Robert Cottingham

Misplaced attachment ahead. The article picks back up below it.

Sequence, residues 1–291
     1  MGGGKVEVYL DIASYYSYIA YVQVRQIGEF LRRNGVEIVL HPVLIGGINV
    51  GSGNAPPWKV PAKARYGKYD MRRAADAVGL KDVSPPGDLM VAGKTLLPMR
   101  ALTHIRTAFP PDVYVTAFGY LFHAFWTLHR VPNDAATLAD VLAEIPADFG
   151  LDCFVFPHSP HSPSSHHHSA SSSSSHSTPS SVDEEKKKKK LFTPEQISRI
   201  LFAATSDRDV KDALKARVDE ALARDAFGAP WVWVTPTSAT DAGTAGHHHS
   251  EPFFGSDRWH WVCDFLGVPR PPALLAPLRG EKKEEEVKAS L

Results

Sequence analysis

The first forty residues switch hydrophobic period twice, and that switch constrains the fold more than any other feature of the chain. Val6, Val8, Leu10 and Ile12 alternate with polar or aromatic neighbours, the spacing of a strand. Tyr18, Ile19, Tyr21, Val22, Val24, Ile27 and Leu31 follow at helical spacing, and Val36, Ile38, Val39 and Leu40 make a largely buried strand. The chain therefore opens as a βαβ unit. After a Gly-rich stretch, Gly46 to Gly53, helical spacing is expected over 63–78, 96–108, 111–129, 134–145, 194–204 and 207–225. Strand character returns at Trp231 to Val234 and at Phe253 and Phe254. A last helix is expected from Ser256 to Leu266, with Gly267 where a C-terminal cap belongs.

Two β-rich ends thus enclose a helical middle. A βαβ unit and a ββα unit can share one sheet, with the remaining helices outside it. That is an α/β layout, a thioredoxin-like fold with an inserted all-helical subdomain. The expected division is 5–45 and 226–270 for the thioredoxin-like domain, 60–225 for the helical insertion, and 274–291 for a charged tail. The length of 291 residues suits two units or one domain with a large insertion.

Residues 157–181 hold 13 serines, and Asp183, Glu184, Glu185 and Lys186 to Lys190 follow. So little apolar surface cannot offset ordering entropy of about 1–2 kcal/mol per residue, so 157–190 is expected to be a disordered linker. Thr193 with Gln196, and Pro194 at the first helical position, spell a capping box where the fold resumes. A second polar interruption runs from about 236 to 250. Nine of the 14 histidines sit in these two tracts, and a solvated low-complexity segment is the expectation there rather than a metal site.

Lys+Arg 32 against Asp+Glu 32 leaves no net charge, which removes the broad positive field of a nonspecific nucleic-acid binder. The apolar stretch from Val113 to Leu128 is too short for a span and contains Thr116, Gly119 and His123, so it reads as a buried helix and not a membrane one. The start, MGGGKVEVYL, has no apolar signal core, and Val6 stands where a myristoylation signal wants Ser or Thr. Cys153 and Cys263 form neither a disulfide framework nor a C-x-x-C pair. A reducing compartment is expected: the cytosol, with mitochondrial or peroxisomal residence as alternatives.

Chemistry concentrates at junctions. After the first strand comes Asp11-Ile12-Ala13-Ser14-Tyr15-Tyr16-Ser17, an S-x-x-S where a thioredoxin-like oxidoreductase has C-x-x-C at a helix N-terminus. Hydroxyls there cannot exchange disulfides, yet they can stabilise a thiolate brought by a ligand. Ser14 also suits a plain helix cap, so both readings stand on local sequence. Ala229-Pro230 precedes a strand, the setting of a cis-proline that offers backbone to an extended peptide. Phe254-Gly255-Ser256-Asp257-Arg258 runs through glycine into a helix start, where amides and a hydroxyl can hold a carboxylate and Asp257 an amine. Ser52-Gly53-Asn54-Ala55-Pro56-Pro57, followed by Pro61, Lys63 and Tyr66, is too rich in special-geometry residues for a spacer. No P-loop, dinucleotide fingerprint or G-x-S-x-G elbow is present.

Robert Cottingham (b. 1935) was born in Brooklyn, New York and received his BFA degree from the Pratt Institute. He later also studied art at the Arts Center College of Design in Pasadena, CA. Although he is known for his photorealistic depictions of signs, storefront marquees, railroad boxcars, and letter forms, Cottingham does not consider himself a photorealist artist. His imagery, while derived from photographs he takes, expands on the photographic image rather than striving simply to replicate it. In 1974, Robert Cottingham received a grant from the National Endowment for the Arts that allowed him to tour the United States via Greyhound bus. During this trip through twenty-seven cities, he collected thousands of photos of signage. This trove of images he collected has served as source material for Cottingham’s artwork ever since, including his monumental series of prints An American Alphabet. Robert Cottingham’s work has been included in many significant exhibitions at Documenta in Kassel, Serpentine Gallery in London, Centre national d’art contemporain in Paris, The Whitney Museum of American Art in New York, and the National Museum of American Art in Washington D.C., among others. A major retrospective of his work was exhibited at the Butler Institute of Art in Youngstown, Ohio in 2016. His work can be found in the permanent collections of every important museum in the United States and Europe including the Art Institute of Chicago, the Solomon R. Guggenheim Museum, the Hirshhorn Museum and Sculpture Garden, the Metropolitan Museum of Art, the Smithsonian American Art Museum, the Whitney Museum of American Art, the Boymans-von Beuningen Museum in the Netherlands, the Hamburg Museum in Germany, and the Tate Gallery in London, to name a few.

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